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Princeton to Fund $16 Million Grants

A recent decision by Princeton University to replace student loans with grants has caused an upheaval in some areas of the higher education community, but UNC and Duke University officials say it will not affect them.

Princeton officials announced Jan. 27 that they will spend an additional $16 million from the institution's endowment to fund grants for students in an effort to relieve them of the burden of loans.

This decision could give prospective students, especially middle-class students who aren't eligible for need-based financial aid, incentive to attend Princeton over other institutions.

But John Burness, senior vice president of public affairs at Duke, said most schools are not in a financial situation to compete with Princeton's decision.

"Princeton historically has funded virtually all its financial aid out of its endowment," he said.

"It has not had to dip into its operating budget."

Burness also said he is not worried about losing potential students to Princeton because many would be likely to pick Princeton over Duke.

He added that other universities might feel the need to adjust their own financial aid systems, especially other Ivy League schools, but that not many schools have the finances available to enact such a plan.

"It will create some pressure but probably, with the exception of Harvard and Yale within the Ivies and Stanford outside the Ivies, the endowments aren't going to be able to match what Princeton is doing," he said. "Each institution will have to determine how best to respond."

UNC Board of Trustees member Richard Williams said the high cost of attending schools like Princeton gives them a need to adjust financial aid programs in different ways than less expensive schools such as UNC.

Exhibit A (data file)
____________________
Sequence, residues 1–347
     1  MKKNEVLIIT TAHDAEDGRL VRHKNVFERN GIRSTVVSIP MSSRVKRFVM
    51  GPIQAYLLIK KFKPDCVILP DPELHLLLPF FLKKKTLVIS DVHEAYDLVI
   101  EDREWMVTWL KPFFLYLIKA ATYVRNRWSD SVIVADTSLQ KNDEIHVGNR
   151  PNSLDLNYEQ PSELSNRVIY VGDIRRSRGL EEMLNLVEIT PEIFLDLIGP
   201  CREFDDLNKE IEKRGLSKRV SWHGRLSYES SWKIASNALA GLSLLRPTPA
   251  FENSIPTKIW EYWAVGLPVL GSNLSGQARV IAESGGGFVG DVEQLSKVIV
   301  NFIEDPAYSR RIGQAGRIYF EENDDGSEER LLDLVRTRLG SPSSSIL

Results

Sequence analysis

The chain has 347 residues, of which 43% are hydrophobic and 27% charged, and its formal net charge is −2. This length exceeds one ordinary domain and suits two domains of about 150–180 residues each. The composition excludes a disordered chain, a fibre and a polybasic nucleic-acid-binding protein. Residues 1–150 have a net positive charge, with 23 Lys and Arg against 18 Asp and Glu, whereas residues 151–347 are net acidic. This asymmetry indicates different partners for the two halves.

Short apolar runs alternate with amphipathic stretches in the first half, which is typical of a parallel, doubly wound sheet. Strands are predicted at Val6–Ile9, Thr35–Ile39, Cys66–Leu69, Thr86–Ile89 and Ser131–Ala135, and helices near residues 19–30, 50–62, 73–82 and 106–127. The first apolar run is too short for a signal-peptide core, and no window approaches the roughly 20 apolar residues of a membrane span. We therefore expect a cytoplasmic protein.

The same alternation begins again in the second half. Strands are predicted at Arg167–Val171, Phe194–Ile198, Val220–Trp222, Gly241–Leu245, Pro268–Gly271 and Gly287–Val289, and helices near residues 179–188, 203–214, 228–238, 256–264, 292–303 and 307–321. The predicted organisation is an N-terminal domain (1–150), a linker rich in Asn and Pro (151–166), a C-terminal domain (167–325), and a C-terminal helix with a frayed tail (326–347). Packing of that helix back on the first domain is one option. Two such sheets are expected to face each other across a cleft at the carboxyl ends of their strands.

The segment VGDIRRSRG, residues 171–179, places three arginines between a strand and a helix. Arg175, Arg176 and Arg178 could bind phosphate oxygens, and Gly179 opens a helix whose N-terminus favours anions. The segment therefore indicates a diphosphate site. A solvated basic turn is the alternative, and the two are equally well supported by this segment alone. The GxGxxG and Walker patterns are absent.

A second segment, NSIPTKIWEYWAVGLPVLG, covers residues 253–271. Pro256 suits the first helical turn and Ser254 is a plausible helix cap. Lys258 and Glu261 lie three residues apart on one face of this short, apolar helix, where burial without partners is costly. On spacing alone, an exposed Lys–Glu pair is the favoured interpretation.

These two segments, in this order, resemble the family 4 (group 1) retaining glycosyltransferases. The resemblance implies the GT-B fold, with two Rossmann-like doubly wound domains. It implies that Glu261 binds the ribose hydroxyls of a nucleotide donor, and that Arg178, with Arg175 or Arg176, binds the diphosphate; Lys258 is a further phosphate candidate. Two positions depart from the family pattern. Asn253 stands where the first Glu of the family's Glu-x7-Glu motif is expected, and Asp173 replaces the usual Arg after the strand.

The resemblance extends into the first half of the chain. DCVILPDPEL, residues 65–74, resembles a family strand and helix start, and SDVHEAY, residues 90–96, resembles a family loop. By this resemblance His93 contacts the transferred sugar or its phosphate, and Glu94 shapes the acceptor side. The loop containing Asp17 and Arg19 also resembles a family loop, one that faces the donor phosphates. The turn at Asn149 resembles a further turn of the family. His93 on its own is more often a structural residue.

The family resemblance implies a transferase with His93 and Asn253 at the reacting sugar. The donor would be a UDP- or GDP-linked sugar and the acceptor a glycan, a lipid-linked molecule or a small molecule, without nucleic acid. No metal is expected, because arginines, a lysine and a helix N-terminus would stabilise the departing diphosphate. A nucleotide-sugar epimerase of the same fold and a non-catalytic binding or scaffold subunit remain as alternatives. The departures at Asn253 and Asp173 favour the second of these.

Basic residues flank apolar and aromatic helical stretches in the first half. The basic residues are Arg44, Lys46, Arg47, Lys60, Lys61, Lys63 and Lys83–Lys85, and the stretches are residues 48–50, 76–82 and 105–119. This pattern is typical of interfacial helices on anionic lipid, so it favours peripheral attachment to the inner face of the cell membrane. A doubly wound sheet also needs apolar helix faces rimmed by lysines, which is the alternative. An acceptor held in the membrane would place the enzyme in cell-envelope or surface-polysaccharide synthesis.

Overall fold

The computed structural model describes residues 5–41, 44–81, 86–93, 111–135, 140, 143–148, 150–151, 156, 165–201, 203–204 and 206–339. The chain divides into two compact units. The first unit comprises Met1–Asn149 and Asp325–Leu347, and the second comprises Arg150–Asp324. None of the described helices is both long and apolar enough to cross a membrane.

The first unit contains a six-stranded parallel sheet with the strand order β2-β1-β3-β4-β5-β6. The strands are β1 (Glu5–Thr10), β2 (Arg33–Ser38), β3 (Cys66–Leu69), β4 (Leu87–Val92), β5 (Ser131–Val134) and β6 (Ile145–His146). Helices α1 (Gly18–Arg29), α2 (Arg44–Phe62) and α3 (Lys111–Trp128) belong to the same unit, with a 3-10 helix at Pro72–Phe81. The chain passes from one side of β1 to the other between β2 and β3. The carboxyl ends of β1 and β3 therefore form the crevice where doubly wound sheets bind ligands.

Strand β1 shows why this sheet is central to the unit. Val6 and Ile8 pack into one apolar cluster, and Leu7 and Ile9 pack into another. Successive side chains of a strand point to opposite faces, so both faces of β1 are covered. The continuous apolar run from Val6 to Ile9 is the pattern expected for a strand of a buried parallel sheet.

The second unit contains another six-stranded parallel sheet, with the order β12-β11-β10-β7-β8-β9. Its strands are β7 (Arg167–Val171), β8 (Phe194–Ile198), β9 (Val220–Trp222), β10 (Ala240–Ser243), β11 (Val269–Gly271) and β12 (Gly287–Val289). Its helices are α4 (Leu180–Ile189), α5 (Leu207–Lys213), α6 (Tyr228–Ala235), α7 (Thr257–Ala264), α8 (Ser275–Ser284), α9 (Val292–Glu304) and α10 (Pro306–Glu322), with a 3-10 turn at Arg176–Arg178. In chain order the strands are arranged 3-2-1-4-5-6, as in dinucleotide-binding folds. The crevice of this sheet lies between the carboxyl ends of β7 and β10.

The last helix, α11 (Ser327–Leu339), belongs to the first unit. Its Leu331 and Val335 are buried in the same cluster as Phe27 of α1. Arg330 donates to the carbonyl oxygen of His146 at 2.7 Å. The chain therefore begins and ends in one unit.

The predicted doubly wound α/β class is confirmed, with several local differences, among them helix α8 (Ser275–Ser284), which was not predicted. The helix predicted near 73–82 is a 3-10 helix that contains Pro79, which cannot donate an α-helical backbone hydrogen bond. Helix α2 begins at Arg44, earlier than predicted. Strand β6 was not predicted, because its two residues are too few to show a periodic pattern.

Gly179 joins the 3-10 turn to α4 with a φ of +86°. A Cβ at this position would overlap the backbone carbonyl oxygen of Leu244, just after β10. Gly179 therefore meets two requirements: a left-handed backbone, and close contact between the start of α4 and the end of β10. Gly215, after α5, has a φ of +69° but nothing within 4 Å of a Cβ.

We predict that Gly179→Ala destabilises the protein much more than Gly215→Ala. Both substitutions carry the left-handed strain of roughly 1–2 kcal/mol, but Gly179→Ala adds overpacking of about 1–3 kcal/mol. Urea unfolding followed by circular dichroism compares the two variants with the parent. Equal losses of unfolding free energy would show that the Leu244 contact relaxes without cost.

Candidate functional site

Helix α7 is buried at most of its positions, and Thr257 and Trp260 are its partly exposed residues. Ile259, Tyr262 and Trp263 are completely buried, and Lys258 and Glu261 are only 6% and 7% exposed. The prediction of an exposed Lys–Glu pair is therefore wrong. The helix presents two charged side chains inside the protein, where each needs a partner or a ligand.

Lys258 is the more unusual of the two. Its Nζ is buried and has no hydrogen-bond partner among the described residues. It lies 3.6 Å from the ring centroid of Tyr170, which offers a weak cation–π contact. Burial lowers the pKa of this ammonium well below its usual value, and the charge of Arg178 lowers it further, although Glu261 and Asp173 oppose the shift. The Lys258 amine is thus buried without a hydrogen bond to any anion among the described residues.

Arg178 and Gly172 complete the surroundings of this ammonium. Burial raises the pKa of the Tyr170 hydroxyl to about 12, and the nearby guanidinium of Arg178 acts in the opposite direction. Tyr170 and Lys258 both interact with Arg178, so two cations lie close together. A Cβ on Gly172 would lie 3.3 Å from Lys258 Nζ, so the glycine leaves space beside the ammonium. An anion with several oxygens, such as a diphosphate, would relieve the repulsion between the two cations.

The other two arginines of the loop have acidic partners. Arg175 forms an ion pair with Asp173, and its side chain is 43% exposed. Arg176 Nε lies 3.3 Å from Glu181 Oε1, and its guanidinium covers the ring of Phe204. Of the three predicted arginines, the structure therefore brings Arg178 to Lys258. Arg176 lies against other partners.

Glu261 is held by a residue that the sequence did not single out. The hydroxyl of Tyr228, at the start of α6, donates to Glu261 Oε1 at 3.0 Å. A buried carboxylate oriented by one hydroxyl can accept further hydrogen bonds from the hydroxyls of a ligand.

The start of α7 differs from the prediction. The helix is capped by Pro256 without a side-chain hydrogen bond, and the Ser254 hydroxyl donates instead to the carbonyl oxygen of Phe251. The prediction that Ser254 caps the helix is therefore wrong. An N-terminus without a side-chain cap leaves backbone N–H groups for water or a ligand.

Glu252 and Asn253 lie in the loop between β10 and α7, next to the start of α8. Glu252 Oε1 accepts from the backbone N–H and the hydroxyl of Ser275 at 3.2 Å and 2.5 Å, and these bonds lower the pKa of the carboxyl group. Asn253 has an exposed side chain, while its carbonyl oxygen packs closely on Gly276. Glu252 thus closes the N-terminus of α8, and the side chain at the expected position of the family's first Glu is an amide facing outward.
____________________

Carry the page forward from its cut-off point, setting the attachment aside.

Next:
"With (UNC) tuition so low, affordability is not a big problem," Williams said.

He also said he does not think the decision will affect the University's ability to compete for top students.

"I think that we're always going to be in a position to compete with the very best," Williams said.

"I don't think it will give Princeton an advantage over us."

He added that even with the grants, students will still have to pay a large amount to attend Princeton.

"It doesn't mean they won't have to pay anything, just that the financial aid will be in the form of a grant," Williams said.

But Princeton Director of Financial Aid Don Betterton said the school's decision will spark conversation about financial aid on other campuses.

"We (made it easier to get financial aid) three years ago, and we had (in) some sense, given our competitive stance and where we stand, that there would be action on other campuses," he said.

Betterton said he thinks Princeton's plan will cause other universities to examine their own financial aid programs to remain fiscally desirable to students also applying to Princeton.

He added that schools also will have to consider changes that are compatible with their schools' missions.

"The key thing is institutions should make the proper response for their population."

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